Monday, May 31, 2021

A Solution in Search of a Problem? Collective Rights and the Antitrust Labour Exemption in Italy

A Solution in Search of a Problem? Collective Rights and the Antitrust Labour Exemption in Italy


Antonio Aloisi

IE Law School, IE University; European University Institute - Department of Law (LAW)

Elena Gramano

Bocconi Legal Department; Bocconi University School of Law


This chapter examines the Italian legal framework regulating the collective rights of self-employed workers. It seeks to investigate potential conflicts (if any) arising between collective labour rights and the application of competition law and free-market policies to self-employed workers and the fragmented constellation of differentiated personal labour relations that escape binary taxonomies. Its overarching goal is to understand whether and to what extent concerted wage-fixing practices are granted a special (express or implied) immunity at the domestic level. Besides offering concrete examples, we will situate the examination of labour antitrust exemption in the broader picture of the adequacy of the current mechanisms of “collective self-regulation” for “solo”, own account, small-scale, or dependent self-employed workers. However, historical evidence suggests that collective agreements covering the kaleidoscopic and dynamic group of non-standard workers have never been targeted by the Italian competition authority. In Italy self-employed organising is foreseen by the Constitution, long-standing, embedded in collective agreements, and widely acknowledged by the law. Indeed, workers’ initiatives can be seen as a vehicle of social, economic and political transformation.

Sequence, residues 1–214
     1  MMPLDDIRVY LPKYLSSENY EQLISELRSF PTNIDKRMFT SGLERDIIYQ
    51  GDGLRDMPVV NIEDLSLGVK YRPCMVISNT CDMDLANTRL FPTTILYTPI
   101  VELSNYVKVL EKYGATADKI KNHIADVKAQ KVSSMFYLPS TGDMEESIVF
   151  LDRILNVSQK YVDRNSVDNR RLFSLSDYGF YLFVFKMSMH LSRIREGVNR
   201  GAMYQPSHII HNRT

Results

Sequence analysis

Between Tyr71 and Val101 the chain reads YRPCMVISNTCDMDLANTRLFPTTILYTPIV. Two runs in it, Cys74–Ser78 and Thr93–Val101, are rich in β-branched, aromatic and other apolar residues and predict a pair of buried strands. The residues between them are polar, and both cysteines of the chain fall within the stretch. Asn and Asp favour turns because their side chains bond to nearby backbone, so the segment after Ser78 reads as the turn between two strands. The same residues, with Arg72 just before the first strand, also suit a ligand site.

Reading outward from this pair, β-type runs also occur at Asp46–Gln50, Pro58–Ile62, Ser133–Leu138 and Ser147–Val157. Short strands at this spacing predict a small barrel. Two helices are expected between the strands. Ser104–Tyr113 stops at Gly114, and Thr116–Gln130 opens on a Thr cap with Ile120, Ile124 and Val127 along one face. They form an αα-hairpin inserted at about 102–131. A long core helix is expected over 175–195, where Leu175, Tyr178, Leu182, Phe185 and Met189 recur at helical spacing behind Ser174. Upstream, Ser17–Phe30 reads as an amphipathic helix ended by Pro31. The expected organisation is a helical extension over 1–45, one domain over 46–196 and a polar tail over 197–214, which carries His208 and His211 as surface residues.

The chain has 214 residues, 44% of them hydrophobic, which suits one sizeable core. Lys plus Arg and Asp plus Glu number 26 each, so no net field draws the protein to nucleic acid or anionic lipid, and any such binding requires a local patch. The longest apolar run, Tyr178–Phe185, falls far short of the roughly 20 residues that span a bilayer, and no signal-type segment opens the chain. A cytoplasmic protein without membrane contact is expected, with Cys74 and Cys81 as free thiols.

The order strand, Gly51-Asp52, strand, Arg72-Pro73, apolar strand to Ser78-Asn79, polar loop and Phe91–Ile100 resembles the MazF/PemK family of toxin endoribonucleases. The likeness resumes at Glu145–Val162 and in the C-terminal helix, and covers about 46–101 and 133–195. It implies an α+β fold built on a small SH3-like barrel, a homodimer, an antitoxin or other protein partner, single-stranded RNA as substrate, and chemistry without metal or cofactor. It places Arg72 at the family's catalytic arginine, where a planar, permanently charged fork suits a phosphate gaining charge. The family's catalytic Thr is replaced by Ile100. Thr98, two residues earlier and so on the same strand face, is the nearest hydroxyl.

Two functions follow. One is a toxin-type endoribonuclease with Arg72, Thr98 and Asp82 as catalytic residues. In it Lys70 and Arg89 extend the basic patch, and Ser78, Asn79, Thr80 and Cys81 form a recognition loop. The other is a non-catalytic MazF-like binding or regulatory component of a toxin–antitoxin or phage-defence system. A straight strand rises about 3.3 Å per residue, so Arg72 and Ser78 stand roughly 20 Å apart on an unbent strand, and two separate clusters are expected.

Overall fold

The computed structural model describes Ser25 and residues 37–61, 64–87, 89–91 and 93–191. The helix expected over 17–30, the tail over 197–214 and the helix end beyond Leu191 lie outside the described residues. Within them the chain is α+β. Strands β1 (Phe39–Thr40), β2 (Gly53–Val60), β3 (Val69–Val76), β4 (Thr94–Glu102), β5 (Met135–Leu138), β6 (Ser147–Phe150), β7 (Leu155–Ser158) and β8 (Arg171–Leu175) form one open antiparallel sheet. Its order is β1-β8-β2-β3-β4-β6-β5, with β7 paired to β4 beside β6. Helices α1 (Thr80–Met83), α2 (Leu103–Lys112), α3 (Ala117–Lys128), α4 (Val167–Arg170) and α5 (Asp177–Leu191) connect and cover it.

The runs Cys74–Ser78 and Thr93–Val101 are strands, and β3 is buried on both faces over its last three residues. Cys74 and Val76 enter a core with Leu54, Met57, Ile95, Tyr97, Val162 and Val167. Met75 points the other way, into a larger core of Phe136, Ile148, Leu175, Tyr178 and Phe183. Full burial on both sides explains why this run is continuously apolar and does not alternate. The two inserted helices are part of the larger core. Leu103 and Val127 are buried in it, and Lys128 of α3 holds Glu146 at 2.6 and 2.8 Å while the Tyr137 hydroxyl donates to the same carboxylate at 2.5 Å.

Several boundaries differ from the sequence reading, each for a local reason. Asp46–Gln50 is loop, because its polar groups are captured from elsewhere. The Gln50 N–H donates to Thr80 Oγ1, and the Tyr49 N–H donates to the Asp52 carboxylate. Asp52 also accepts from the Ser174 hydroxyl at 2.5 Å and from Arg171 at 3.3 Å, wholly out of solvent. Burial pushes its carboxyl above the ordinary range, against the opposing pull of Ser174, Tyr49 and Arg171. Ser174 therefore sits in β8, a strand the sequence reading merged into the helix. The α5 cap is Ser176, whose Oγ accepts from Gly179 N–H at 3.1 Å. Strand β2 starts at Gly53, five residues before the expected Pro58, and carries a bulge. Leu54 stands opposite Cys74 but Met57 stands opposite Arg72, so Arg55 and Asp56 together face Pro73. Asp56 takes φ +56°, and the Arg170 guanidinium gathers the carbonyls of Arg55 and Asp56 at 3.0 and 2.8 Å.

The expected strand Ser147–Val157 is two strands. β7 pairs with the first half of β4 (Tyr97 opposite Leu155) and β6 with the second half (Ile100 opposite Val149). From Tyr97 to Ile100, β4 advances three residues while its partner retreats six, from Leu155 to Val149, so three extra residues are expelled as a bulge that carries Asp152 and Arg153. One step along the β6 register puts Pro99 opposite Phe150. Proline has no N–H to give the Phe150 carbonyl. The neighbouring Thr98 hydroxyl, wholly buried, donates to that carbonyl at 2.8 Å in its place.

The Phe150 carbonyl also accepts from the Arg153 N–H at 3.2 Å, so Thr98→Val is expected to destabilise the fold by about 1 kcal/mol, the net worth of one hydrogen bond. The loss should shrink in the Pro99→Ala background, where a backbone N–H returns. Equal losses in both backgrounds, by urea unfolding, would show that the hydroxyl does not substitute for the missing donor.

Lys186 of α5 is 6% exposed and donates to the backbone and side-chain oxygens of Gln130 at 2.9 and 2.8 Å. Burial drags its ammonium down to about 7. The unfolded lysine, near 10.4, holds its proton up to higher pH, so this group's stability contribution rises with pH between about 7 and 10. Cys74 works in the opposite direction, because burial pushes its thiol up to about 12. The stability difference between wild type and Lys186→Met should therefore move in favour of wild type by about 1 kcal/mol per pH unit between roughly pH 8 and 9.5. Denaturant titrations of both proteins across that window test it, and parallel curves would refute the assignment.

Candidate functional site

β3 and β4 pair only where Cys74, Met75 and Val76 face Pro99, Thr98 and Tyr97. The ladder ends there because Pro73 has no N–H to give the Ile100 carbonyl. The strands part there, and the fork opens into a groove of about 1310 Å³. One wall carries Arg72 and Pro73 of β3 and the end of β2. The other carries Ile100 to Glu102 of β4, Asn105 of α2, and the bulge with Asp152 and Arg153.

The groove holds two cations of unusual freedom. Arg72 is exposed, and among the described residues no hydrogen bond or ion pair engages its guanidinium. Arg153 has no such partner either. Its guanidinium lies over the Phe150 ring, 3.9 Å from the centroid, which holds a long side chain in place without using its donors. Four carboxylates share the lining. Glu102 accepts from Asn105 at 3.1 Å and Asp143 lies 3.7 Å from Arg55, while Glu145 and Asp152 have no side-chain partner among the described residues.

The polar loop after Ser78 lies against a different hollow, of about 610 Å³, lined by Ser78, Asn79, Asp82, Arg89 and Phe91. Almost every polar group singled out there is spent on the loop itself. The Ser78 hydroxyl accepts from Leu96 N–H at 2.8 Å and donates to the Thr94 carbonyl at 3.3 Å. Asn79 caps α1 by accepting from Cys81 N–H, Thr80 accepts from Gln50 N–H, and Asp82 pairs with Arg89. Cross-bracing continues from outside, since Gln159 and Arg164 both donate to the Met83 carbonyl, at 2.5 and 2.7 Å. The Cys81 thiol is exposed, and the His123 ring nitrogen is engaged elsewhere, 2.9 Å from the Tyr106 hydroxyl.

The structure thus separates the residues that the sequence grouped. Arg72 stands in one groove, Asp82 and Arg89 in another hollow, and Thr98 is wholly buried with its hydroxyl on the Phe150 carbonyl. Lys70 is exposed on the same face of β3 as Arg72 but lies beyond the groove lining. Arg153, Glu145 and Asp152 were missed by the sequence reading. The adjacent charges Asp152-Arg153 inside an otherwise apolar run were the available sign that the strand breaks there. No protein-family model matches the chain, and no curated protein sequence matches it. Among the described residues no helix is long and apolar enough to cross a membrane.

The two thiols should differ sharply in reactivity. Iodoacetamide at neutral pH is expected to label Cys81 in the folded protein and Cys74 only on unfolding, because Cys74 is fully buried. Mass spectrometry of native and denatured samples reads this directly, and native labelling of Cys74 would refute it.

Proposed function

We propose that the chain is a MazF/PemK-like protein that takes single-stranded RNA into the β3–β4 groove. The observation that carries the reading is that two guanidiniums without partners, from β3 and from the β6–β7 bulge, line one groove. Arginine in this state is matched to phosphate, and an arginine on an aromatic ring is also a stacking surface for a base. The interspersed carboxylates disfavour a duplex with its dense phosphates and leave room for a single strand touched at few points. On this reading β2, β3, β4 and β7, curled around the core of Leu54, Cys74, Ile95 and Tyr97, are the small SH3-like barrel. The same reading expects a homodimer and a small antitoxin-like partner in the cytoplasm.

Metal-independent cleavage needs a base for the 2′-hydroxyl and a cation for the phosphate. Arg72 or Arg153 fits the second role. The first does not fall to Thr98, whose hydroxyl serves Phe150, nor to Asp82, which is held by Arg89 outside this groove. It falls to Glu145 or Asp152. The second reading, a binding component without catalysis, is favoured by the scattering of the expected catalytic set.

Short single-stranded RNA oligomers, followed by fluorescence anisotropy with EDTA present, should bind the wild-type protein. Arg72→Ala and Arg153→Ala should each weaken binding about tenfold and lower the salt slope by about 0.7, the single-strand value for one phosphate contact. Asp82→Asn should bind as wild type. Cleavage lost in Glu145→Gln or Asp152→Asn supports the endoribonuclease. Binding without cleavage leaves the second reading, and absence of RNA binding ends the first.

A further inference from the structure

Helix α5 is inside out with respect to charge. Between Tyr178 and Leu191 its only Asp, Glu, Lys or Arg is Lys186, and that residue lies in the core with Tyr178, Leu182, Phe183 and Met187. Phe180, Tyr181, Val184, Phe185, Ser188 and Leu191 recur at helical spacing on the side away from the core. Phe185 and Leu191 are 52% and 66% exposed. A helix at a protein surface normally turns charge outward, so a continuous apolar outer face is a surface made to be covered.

This chapter is organised as follows. Part 2 presents a general introduction of the regulation of collective rights in the Italian Constitution. Part 3 illustrates case law development, especially at the Constitutional Court level, on whether self-employed workers fall within the personal scope of collective rights. It also argues that several provisions corroborate that the lawmaker often entrusts social partners in regulating specific and meaningful aspects of the working relationship of certain categories of self-employed workers, thus proving that there is no inconsistency between antitrust law and collective regulation of contractual terms. Two arguments run intertwined in part 4. On the one hand, we intend to present a selection of collective agreements for non-standard workers, never called into question by competition authorities, and on the other, we discuss how long-established trade unions have attempted to include non-standard workers in their membership through multiple, not necessarily successful, attempts. This section also presents a selection of practical hurdles that make it difficult to build solidarity amongst non-standard workers and negotiate collectively. Section 5 concludes.

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